The following report was published last week by the U.S. PIRG Education Fund (U.S. Public Interest Research Group).
From the Report Announcement
Government spending transparency is improving, but at an uneven pace among the 50 states, according to “Following the Money 2014: How the 50 States Rate in Providing Online Access to Government Spending Data,” the fifth annual report of its kind by the U.S. Public Interest Research Group Education Fund.
“State governments across the country have become more transparent about where public money goes, providing citizens with the information they need to hold elected officials and recipients of public subsidies accountable,” said Phineas Baxandall, Senior Analyst with the U.S. Public Interest Research Group Education Fund.
Officials from 45 states provided the researchers with feedback on their initial evaluation of state transparency websites. The leading states with the most comprehensive transparency websites are Indiana, Florida, Oregon, Florida, Texas, Massachusetts, Iowa, Vermont, and Wisconsin.
[States receiving a failing grade are Alaska, California, and Idaho.]
Based on an inventory of the content and ease-of-use of states’ transparency websites, the “Following the Money 2014” report assigns each state a grade of “A” to “F.” Grading standards rise each year, so states need to improve transparency each year to be a leader.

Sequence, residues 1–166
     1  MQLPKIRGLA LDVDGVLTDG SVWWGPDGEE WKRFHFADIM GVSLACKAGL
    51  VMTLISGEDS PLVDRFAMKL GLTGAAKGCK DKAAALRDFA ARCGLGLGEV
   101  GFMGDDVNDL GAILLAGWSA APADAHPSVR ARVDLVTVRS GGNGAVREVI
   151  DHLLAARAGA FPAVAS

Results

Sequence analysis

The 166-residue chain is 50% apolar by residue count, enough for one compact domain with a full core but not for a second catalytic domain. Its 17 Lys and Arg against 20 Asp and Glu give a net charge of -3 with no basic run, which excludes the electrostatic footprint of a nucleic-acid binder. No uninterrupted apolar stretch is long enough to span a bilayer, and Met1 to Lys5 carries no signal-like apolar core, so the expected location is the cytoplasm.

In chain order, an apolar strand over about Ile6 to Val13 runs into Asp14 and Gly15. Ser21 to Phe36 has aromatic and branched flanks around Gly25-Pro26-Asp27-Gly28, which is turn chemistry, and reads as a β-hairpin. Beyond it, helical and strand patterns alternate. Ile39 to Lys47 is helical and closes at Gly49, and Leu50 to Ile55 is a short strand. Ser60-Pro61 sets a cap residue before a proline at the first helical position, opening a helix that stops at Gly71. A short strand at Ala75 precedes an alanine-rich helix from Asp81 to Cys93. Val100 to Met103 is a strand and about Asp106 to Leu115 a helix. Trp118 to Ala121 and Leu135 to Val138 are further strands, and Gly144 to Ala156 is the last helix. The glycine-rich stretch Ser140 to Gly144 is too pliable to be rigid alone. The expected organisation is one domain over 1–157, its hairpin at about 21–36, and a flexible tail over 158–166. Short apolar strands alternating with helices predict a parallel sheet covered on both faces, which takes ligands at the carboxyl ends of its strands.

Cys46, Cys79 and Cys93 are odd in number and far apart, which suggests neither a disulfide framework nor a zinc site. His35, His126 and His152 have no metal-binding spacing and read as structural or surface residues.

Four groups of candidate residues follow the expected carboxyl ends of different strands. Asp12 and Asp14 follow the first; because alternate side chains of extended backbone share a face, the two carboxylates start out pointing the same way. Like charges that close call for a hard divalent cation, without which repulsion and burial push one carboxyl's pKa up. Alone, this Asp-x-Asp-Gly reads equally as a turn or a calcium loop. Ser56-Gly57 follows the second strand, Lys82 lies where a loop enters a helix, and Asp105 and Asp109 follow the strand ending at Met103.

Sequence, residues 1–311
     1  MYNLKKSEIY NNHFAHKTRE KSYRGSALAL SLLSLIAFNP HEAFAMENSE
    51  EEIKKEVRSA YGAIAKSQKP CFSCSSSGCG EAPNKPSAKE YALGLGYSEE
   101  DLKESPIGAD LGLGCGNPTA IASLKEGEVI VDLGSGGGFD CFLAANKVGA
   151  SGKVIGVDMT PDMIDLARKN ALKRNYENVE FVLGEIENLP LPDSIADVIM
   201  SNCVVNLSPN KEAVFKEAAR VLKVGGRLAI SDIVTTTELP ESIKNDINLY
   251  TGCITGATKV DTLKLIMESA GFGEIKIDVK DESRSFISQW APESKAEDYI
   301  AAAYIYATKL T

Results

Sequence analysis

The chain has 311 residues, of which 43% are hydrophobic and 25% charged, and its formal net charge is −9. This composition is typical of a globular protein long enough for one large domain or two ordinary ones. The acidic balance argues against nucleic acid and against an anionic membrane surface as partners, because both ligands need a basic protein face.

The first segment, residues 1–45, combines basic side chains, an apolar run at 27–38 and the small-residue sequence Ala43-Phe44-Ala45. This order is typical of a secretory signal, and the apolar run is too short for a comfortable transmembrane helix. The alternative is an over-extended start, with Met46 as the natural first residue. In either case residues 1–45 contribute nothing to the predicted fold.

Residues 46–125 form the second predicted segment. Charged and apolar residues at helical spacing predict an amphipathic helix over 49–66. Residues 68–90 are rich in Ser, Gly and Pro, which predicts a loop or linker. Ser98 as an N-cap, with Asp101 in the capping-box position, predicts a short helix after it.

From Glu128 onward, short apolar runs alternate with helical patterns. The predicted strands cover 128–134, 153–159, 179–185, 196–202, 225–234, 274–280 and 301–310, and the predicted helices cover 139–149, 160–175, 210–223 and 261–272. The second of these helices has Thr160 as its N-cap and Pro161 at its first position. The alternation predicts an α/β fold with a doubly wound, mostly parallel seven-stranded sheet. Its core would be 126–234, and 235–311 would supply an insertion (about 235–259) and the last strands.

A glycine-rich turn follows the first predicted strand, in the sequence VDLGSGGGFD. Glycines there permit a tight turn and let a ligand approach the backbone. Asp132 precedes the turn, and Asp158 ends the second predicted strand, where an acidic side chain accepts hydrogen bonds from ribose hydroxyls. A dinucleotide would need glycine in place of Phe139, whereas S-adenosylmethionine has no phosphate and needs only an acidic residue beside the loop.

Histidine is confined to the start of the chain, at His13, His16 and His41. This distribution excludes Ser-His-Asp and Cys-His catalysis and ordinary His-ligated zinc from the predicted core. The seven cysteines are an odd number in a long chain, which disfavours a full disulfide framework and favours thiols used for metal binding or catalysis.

While many states continue to improve, the states that most distinguished themselves as leaders in spending transparency are those that provide access to types of expenditures that otherwise receive little public scrutiny. For instance, six states provide public access to checkbook-level data on the subsidy recipients for each of the state’s most important economic development programs, allowing citizens and public officials to hold subsidy recipients accountable by listing the public benefits that specific companies were expected to provide and showing the benefits they actually delivered. The most transparent states similarly provide detailed information on subsidies spent through the tax code and “off-budget” quasi-public agencies.
Direct to Full Text Report (62 pages; PDF)